The way that all WordPress and Genesis themes work is that you must re-upload all the theme files, which means that updating or changing themes overwrites previous changes made to the theme files, and requires redoing any customization.
Updating your theme actually means installing a brand new copy of the newest version of the theme.
This should be done at minimum once per year because our themes are updated to keep date with current versions of WordPress + Genesis + Plugins, and best practices.
Older versions lack updates, which is typically what causes issues. We do not offer support for theme versions over 1 year old.
Best Practices for Food Bloggers
As a best practice, we recommend minimizing any changes to the theme files, and focusing instead on creating content.
Our themes are designed to work well out-of-the-box after following our tutorials. Most “changes” people make are not based on evidence that it’s better for their readers.
Don’t make any changes without a compelling reason (eg. “13 people emailed me to say that this layout doesn’t make sense so I absolutely need to move my social icons 9px up to improve conversions 10%).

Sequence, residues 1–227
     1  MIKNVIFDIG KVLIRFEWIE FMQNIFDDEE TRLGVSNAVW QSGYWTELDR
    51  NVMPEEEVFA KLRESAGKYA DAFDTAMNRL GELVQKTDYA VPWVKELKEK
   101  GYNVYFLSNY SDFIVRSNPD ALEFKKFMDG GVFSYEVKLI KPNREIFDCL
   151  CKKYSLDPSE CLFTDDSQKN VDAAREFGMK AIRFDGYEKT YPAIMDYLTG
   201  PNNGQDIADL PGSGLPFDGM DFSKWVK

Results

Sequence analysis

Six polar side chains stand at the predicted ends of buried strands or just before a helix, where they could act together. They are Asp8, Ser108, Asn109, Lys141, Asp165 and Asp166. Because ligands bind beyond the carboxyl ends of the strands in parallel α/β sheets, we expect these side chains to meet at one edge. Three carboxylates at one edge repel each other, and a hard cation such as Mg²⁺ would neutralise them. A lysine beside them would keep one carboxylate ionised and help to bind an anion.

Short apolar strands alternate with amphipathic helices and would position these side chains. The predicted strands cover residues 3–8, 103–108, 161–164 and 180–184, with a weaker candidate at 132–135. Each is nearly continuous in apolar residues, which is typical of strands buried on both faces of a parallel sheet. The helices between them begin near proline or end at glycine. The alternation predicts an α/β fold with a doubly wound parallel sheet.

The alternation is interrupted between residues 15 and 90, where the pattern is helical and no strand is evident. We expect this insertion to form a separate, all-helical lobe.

You may be interested in our food blogger hosting package, which lets you select a new theme each year: https://feastdesignco.com/product/food-blogger-hosting/
Customizing Your Theme
If you absolutely need to make changes, make sure to use our Feast Customizations Plugin, which stores your customizations separate from our theme files and lets you update the theme files without worry.
Where to Find Updated Theme Files
Themes purchased on FeastDesignCo.com can be found by logging into your account.
Themes purchased at Studiopress.com will have their latest version available in their Studiopress account.
Different themes contain different features and some are only available in certain themes. See our handy-dandy Theme Comparison Chart.
However, copying a features found in the new theme to an existing theme, is different than simply updating a theme. This is because adding a new feature to an existing theme risks breaking things that are already setup for hundreds or sometimes thousands of other bloggers using that existing theme.
Any time you “update” a theme to its newer version you are essentially re-installing all the files, which may require that you redo customizations anyway.